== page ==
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If Marvel was hoping Agent Carter would improve on its ratings from last week’s 2-episode season premiere, they must be somewhat disappointed this morning. While Agent Carter still snagged second place behind NBC’s Parks and Recreation, it’s ratings are still down 21 percent from last week. Marvel should be interested in more than just ratings, as the show has received considerable critical acclaim.

Disney Infinity 2.0 Adds A Couple of Notorious Marvels And A Ravager

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By Davey Nieves When Disney’s Infinity game series added Marvel to their stable it unlocked a giant wish list of characters fans wanted to see in their abundant sandbox game. Today Disney Interactive announced a few more names we can cross off our list as Spider-Man’s arch-nemesis the Green Goblin and Guardians of the Galaxy rabble-rousers Ronan […]

A stroll down memory lane: Dan DiDio’s personal history of The Crisis Era

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Say what you will about Dan DiDio: in his time as DC’s first executive editor then co-publisher, he’s remade a lot of what made the company tick, starting with Identity Crisis, the controversial but best selling mini series that kicked off what we at Stately beat Manor call The Crisis Era. (Infinite Crisis and the misleadingly named Final Crisis would follow). As DC’s spring move to the west coast closes the cover on more than 75 years of comics history, DiDio is revisiting his own 13 years at DC on his FB page, as so many do as the new year starts and the cold wind howls outside…so step inside with us for some cocoa and Dan DiDio’s fireside chat:

The Retailer’s View: This Time, It’s Personal

Because: Canada.

A word of gentle advice to all those working at comic shops: it might be a pretty great gig, and you might enjoy what you’re selling, but always ask yourself if you fit.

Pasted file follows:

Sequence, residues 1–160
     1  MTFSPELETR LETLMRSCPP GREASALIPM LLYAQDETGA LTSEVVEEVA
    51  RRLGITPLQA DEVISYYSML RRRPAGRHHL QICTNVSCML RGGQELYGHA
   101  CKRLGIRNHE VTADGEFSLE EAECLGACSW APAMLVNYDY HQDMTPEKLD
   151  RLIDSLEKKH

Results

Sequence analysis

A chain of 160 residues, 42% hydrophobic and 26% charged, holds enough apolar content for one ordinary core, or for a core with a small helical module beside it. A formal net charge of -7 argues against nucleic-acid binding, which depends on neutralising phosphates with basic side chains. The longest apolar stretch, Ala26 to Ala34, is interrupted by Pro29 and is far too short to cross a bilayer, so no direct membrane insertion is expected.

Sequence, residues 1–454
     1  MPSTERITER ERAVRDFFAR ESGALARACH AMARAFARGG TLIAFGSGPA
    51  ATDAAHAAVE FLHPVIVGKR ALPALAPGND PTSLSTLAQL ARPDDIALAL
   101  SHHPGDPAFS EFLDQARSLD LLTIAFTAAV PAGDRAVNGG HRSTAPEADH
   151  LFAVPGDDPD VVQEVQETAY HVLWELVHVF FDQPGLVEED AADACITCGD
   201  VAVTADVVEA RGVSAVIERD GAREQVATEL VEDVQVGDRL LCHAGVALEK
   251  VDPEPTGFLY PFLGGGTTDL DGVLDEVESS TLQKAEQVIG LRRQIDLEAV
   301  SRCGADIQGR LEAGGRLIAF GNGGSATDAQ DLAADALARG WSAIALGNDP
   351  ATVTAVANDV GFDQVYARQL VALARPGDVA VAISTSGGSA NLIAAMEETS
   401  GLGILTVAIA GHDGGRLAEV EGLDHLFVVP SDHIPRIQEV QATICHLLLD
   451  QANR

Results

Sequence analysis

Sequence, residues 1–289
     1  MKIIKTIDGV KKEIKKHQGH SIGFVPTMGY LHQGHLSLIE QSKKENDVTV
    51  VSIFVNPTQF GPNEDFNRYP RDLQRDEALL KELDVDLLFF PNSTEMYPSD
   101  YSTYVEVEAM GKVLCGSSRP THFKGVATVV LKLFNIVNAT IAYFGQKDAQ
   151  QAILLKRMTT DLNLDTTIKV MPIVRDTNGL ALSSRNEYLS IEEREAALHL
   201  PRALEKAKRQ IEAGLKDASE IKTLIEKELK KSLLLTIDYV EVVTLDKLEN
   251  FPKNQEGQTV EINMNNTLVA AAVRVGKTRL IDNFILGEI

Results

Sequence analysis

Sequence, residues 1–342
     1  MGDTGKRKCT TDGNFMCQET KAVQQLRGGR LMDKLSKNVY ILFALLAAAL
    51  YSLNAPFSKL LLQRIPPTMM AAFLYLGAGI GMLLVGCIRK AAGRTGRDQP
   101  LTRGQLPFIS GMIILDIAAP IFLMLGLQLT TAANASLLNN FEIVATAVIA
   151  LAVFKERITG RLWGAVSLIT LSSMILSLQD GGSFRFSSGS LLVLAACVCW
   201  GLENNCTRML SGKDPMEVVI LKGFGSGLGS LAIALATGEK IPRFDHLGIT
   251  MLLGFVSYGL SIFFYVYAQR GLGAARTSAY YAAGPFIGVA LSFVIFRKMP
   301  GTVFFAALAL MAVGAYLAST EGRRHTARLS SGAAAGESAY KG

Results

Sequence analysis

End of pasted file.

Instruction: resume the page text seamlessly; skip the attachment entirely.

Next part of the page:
Review: When Marvel Comics went Underground by Nicky Wheeler-Nicholson

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The Best of Comix Book: When Marvel Went Underground, published by Dark Horse under the imprint of the Kitchen Sink Press from Denis Kitchen and John Lind is now available. It’s a who’s who of some of the top names in comics. The Introduction is written by none other than Stan Lee himself with a foreword by Denis Kitchen.

I had the opportunity to sit down with Denis Kitchen and John Lind in October at New York Comic Con to discuss the latest publishing efforts from Kitchen Sink Press. Denis Kitchen is considered to be the founding publisher of independent and underground comics. He was instrumental in publishing people like R. Crumb, Harvey Pekar, Howard Cruse and Trina Robbins to name a few.It’s especially prescient to look at the work that Denis and John are currently publishing in light of recent world events. The Best of Comix Book showcases some of the best of the underground comics that Denis published with Marvel under Stan Lee’s direction. This momentous occasion occurred during the period when Stan agreed to help Denis continue publishing while Denis was going through difficult financial times.